The first few frames of “Ushpizin,” the Israeli Academy Award-winning film released today in theaters nationwide, bear a peculiar marking you will not seen on any other film this year: In the top right-hand corner of the screen, three Hebrew letters gleam discreetly — bet, samech, dalet. The letters form an acronym for Aramaic words besiata dishmaya, meaning “with the support of God” — a phrase traditionally written on documents to signify the author’s reliance on the Divine in the moment of creation.
The essence of the film — a joint venture between ultra-Orthodox actor Shuli Rand and Giddi Dar, a secular director and Rand’s longtime collaborator — is exposed in the jarring incongruence between the image on the screen and the appearance of the archaic, traditional “besiata dishmaya.” How can the profane and the holy be combined successfully? How does one contain the other?
Moshe Belanga (Rand) and his wife, Malli (Michal Bat-Sheva Rand), a passionately faithful newly Orthodox couple, are struggling to get together enough money to celebrate the seven-day holiday Sukkot. They scrape together meals from scraggly cabbage, mourn their bad luck and hope for a miracle. When a miracle does come — in the form of a random donation of $1,000 and the sudden acquisition of an abandoned sukkah, the two rejoice because now they can celebrate the holiday in splendor. Their luck continues when guests appear auspiciously, thereby allowing them to fulfill the religious obligation to host.
The guests turn out to be Moshe’s old friends from his shady past who have escaped from prison and are seeking to hide out in the Orthodox community, where they never would be found. They are crass, rude and disdainful of Moshe and his wife, and ultimately they disrupt the community and throw life into tumult. Moshe and Mali, who are childless and desperately praying for a pregnancy, regard all this as a test — a modern invocation of the biblical tale of Sarah and Abraham who, before the birth of Isaac, received two guests who turned out to be angels announcing Sarah’s pregnancy.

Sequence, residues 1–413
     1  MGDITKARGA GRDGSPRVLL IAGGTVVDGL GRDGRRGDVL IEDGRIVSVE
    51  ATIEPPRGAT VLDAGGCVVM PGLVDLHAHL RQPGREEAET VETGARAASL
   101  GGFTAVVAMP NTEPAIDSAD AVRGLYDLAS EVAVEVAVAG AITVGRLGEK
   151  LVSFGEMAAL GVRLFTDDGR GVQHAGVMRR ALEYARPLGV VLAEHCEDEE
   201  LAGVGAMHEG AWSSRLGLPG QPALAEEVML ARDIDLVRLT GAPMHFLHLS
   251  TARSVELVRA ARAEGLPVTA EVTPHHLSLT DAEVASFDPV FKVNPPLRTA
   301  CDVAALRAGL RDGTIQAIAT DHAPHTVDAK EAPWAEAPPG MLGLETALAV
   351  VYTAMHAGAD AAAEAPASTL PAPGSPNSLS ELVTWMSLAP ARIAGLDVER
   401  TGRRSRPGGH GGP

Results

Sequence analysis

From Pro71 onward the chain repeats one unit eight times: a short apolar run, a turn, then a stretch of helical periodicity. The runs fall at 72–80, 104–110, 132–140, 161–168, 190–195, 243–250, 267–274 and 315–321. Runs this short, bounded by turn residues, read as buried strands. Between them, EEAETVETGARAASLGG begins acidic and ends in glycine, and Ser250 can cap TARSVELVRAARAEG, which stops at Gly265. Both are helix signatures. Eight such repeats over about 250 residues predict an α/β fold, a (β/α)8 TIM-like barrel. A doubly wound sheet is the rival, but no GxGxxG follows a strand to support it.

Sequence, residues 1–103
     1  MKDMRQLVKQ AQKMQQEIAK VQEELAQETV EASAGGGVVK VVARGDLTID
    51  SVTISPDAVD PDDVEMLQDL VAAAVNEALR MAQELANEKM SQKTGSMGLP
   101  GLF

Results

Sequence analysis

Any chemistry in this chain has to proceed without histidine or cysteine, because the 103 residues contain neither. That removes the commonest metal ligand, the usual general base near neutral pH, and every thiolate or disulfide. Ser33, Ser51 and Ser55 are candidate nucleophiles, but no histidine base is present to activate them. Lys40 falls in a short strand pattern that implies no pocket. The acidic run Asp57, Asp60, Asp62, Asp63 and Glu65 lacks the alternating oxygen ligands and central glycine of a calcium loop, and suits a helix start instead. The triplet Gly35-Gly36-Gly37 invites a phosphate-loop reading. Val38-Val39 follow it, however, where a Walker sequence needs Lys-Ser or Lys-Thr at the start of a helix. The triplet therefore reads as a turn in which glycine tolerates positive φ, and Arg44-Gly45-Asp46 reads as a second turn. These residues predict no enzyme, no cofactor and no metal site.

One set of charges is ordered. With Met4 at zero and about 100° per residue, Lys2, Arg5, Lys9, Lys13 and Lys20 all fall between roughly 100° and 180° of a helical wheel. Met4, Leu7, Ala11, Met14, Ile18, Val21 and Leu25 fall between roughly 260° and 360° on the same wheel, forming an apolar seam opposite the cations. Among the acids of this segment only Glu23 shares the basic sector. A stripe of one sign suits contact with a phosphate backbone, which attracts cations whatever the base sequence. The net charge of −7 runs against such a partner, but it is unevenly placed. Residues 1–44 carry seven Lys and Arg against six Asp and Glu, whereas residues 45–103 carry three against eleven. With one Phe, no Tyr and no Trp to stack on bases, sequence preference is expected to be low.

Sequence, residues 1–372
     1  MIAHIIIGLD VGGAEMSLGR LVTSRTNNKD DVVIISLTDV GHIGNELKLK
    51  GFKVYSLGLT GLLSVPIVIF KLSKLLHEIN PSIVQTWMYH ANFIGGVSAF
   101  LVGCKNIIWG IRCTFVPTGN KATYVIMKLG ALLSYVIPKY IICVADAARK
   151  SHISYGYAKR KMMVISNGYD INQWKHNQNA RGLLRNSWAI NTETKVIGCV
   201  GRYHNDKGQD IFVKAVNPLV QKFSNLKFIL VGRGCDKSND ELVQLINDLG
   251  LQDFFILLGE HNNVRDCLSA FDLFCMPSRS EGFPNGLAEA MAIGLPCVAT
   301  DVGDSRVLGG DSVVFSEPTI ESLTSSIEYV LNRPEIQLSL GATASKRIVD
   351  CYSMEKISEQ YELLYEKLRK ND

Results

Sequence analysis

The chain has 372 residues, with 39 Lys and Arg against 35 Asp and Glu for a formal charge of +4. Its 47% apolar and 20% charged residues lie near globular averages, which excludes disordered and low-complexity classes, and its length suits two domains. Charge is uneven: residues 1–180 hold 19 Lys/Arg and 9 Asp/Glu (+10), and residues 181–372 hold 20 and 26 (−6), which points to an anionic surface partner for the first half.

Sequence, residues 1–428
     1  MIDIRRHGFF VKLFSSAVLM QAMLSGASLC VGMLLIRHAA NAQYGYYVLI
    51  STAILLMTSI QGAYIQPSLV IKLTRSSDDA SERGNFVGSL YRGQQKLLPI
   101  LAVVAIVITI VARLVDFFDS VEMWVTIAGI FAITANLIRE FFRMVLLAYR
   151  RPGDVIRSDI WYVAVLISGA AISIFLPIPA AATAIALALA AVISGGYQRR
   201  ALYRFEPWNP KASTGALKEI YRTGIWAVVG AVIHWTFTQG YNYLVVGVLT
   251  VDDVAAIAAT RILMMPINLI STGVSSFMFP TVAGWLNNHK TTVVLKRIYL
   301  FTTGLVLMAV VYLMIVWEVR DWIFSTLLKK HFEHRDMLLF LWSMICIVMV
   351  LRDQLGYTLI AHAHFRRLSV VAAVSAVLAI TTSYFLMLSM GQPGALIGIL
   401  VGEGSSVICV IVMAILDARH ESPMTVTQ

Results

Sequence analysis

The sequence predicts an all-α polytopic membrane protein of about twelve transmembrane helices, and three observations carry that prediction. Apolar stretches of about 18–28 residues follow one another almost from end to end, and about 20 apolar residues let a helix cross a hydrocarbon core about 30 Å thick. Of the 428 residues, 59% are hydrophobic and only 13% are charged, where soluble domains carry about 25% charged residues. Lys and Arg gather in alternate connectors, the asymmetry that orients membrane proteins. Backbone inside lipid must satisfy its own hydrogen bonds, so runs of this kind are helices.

Although the film offers a peek into the shuttered world of Israel’s ultra-Orthodox — a frank and un-coded presentation of the parlance of miracles, tests and prayer — it does not offer the complex and tantalizing possibility of voyeurism. Instead it presents the characters in a tender, respectful (and at moments romanticized) light — with the joy and color of an S.Y. Agnon story rather than the cynicism with which ultra-Orthodox Jews are often presented.
We follow Moshe through the streets of his neighborhood: We shadow him as he enters a shop to buy an etrog, the citrus fruit used for the holiday of Sukkot, and we come to understand its preciousness, its jewel-likeness; we see streams of men dancing through the streets in anticipation of the holiday; we see the courtyard filled with sukkot, lighted up like light-boxes, the sounds of singing mingled with the cozy clanking of forks. Far from an act of voyeurism, the watching of this film becomes an aesthetic act, a participation in the beauty of ritual.